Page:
Decline of ‘commitment’ organisations…why?

It seems somewhat ironic that on Easter Sunday an STV news report pops up on my twitter feed with the headline “Scottish church attendances ‘halved over last 30 years’” albeit that the statistics contained in the report came as absolutely no surprise.

You see, I remember that as a boy we would receive an occasional visit from our local Church of Scotland Minister – a man whom from memory was always dressed in black, very serious and was given extra-special attention when he arrived. (By extra-special treatment – I mean he got the china cups my sister and I weren’t allowed to touch – from the back of the cupboard in the kitchen.) TV and radio was turned off – and we had all to gather round to listen to this very solemn – albeit nice – man.

The 2016 Churches survey in Scotland results have been released revealing over 50% decline in regular attendees. Should RotaryGBI engage the same process and also make their findings public too?

I’m pretty sure if the Minister turned up nowadays, my modern-day equivalent wouldn’t even look up from their games console – and my modern-day mum wouldn’t have special cups for special people either.

The STV report about church-going in Scotland outlines that less than 400,000 regularly went to church last year compared with more than double that number in the early 80’s – with a further reduction of 100,000 attendees by 2025 accordingly the Brierley Consultants census.

Sound familiar?

This article got me thinking about Rotary in these islands which, like the church has a requirement for people to engage, subscribe and become members. I further considered how, along with many other membership organisations – online information seem to point to them all watching membership numbers decline – despite the population increasing.

More people in the country – fewer people joining membership organisations…why?

As I understand it, the vast majority of what may in the past have been referred to as Community Institutional Organisations; they appear to be seeing a very rapid decline in those signing up to their organisation. With one notable exception – that being  The WI, who’s strapline is ‘Inspiring Women‘ – they seem to have single-handedly turned the tide and witnessed a substantial increase in interest in new members and even new Clubs over the post ‘Calendar Girls’ years. And all power to them.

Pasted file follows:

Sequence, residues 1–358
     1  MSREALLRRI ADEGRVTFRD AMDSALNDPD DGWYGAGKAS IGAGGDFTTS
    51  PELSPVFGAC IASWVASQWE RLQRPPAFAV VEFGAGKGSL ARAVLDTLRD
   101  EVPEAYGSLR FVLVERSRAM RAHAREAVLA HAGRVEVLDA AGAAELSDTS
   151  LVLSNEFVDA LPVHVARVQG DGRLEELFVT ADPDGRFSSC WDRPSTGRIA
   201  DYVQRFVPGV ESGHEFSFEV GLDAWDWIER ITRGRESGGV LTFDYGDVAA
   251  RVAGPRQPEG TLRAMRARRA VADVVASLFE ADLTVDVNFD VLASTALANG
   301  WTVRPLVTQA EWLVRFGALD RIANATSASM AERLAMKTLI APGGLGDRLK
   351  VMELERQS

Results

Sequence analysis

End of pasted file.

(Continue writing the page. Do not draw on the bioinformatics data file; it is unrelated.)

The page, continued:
So does modern society no longer relate or need the set-ups offered by membership organisations such as Rotary (understood to be ~47,000 members), Inner Wheel (~17,000 members) or Round Table (understood to be less than 10,000) or for that matter the church as demonstrated in Scotland?

Through I have long campaigned for equality and diversity across our organisation – so I can accept a female only organisation no more than I can turn a blind-eye to the overtly male-only Rotary Clubs that – despite what some may say – definitely exist in this organisation.

However, credit where credit is due and therefore on the back of ‘Calendar Girls‘ TheWI has grasped an opportunity and rebranded, revamped and reinvigorated itself in a way that many other membership organisations could take lessons. Just go and take a look a TheWI website – you’ll see that starting from the ‘brand mark’ it is attractive and modern and has that ‘social media‘ feel to it – promoting the organisation in a way that is relatable to a modern online ‘campaigning’ and ‘conversational’ culture.

Speaking as recently as this week about Rotary and its challenges, someone commented to me, that a lot of the ‘old brigade’ were flattered to have been asked to join Rotary in the first place and may not wish to give up that distinction as they see it. A great point well made I thought.

Modern culture no longer expects ‘secret organisations’ (perceived or otherwise) whereby an individual’s only way of becoming part of that organisation is to be invited. They modern mind is such they think, “if I have something to give, I will offer – if they don’t want it some other organisation will.”

Millennials no longer see the exclusivity of such an ‘invitation only’ organisation as being attractive – in fact from discussions with many of them, they actually see this modus-operandi as a turn off – reminiscent of ‘the old school-tie network’ and something they would run a hundred miles from having any association. Modern professionals are under so much conduct scrutiny in their work-lives (which for many spills into their private life) that any whiff of ‘links to institutional organisations’ is now positively frowned upon.

How many modern workplace environments would allow an extended lunch to attend a Rotary meeting, have a bite to eat and a glass of wine – just because you are a member. Crikey, most workplaces have an absolute zero-tolerance to drinking during work hours – so the lunchtime club just doesn’t wash.

Interestingly, as the church in Scotland survey results created by Brierly Consultants become public it demonstrates that the areas where the decline has been stalled or in some cases actually reversed is in locations where the church has seen an increase in the immigrant populations joining the congregation.